“PMS Insomnia is common in women and can be caused by the general issues seen with PMS such as fatigue and irritability,” says Dr. Dulka.
If you’re having trouble sleeping in the days leading up to the beginning of menstruation, you could be experiencing PMS insomnia. These symptoms can include:
- Trouble falling asleep or restlessness
- Difficulties staying asleep
- Disturbed sleep patterns
- Night sweats
- Hot flashes
- Vivid dreams or nightmares
While the hormonal changes that occur in the body can not necessarily be avoided, there are certain ways you can help reduce the symptoms of PMS and insomnia.
“It is wise to speak with your physician about the root cause of your PMS Insomnia as treating the root of the issue is usually the most effective treatment,” says Dr. Dulka. “Other treatments for PMS Insomnia include turning down your room’s temperature or practicing good sleep hygiene. Pharmacological treatments are also used to treat PMS-related symptoms, such as selective-serotonin reuptake inhibitors.”
Symptoms and severity vary by the individual, but one of these treatment options could be the solution for helping you avoid the long nights of restlessness leading up to menstruation.
Keep a Sleep Diary
A key method for reducing any PMS-related insomnia symptoms is identifying when and how you are experiencing issues with your sleep schedule. During the month, record what types of symptoms you are experiencing, their severity, and any sleep-related issues. This can be beneficial in many ways. For one, you will become more aware of any patterns and know what to expect, but it also is a great tool to take to a physician if you need to seek professional help.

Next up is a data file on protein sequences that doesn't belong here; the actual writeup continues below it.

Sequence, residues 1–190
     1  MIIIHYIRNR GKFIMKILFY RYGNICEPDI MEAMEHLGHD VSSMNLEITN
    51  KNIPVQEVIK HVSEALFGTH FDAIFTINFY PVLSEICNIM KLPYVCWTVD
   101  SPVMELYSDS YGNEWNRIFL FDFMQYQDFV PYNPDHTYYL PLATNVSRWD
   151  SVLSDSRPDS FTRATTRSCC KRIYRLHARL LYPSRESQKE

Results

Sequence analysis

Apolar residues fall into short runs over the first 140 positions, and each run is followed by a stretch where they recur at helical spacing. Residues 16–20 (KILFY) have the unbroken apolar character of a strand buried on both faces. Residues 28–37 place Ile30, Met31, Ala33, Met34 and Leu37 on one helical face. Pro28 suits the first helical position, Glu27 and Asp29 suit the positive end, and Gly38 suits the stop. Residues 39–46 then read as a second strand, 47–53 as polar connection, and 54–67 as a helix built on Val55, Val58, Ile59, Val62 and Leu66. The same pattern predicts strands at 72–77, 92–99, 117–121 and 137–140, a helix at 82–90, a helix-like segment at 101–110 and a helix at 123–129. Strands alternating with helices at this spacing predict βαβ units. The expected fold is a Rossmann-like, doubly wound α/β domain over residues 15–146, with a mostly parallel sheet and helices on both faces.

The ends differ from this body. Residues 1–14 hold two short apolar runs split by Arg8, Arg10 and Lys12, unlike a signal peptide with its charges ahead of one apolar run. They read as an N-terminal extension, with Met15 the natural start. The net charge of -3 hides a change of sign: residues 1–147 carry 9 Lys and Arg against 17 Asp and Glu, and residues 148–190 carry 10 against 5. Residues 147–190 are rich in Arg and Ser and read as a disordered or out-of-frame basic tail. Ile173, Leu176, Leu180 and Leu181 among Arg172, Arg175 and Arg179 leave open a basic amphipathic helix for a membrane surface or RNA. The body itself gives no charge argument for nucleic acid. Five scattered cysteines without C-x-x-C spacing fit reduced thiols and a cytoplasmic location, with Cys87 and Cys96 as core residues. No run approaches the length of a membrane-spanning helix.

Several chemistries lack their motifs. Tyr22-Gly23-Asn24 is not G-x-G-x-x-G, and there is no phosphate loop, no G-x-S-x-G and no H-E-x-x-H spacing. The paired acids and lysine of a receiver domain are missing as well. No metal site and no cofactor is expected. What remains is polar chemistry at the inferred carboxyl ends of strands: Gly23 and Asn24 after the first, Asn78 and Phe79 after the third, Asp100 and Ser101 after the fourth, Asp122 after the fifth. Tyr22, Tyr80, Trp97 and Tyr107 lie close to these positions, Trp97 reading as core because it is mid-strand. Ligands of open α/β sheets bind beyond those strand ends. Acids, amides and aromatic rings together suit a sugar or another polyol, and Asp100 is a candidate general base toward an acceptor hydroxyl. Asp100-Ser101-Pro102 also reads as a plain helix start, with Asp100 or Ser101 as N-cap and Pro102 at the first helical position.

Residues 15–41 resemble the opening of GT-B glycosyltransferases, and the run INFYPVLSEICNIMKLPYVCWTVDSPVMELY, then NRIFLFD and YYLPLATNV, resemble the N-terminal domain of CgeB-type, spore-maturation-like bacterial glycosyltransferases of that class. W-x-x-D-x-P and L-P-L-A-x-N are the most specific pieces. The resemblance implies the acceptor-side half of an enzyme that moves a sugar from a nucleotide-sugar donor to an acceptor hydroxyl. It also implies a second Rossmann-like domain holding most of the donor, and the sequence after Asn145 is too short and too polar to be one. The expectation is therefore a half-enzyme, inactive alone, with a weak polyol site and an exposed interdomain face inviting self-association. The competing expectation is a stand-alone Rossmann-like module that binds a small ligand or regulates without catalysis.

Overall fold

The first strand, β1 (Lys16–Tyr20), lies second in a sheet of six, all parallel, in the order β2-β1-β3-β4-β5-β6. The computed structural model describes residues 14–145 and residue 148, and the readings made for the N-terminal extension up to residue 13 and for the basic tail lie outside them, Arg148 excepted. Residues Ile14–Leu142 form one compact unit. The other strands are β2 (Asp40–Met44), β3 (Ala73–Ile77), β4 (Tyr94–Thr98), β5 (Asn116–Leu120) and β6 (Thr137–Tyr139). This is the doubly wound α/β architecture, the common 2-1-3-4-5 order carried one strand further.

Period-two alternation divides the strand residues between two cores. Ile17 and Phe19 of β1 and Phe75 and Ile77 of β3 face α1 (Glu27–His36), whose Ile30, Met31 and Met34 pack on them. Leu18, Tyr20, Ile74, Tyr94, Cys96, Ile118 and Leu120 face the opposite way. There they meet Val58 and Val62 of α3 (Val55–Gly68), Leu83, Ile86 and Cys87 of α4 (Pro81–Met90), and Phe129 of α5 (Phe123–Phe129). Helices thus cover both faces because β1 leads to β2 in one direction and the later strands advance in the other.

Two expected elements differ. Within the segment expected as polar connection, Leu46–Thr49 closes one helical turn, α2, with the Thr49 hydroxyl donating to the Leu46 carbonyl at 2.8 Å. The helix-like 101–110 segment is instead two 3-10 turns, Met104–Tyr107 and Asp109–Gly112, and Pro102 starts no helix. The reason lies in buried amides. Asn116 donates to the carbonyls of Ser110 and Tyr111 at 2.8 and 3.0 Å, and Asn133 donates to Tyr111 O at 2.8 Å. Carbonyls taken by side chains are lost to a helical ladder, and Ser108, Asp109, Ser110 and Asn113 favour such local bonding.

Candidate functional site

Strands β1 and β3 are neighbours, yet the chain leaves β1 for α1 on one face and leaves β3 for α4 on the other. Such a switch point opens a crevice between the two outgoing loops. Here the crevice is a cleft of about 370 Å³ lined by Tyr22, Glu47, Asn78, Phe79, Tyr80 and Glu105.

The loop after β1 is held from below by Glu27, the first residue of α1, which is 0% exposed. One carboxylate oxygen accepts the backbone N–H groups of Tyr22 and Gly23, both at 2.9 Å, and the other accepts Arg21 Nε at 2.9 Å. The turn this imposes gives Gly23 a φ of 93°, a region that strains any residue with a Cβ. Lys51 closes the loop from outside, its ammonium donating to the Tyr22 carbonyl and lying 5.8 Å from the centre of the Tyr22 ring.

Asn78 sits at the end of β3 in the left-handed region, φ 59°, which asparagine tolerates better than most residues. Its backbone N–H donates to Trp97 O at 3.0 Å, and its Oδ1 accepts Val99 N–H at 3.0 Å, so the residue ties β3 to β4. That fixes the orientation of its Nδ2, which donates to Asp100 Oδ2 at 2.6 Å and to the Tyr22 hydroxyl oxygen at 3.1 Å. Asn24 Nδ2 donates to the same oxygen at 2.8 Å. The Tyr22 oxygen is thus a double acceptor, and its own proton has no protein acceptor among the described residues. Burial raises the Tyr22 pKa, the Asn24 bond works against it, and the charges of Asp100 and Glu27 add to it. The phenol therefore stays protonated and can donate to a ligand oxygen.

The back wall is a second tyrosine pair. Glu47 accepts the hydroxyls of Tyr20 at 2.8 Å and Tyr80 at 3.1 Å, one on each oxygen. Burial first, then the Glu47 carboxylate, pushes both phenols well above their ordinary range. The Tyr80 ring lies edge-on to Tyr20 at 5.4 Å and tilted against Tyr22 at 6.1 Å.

Try a Natural Remedy
Natural remedies and pain relievers can help to both reduce symptoms of PMS and insomnia. A warm glass of milk or a warm cup of herbal tea are great remedies for a good night’s sleep. You may also consider CBD as its anti-inflammatory properties help relieve PMS pain and it may help modulate hormones related to sleep-wake cycles through the endocannabinoid system.
Consider Light Therapy
Light therapy is an effective treatment for regulating menstrual cycles and reducing symptoms of PMS and insomnia. This requires sitting near a special light box each day that mimics outdoor light and helps regulate the body’s sleep-wake cycles.
Turn Down the Temperature
With the hormonal shifts occurring in your body, your body temperature may be higher than usual and interrupt your sleep. Turn down the temperature to an optimal 60-67 degrees Fahrenheit for a comfortable night’s sleep.
Practice Proper Sleep Hygiene
As always, addressing and improving your sleep hygiene can be an effective solution for better sleeping habits. Be sure you consistently maintain a healthy diet and regular exercise habits. You should also avoid blue light technologies late at night and allow yourself to wind down before bed with relaxing activities such as a warm bath, meditation, or reading a book.
Learn All Your Treatment Options
After speaking with a physician, you may learn that the most effective treatment for your insomnia requires addressing other roots of the issue such as anxiety or depression. Being overweight can also worsen PMS symptoms and losing weight may help decrease the severity of your condition. Discuss all treatment options available to find which works best for you.
Dr. Brooke Dulka is a medical writer and neuroscientist. She recieved her Ph.D. in biological psychology from the University of Tennessee, and she is currently a postdoctoral researcher at the University of Wisconsin-Milwaukee where she studies the neurobiology of memory.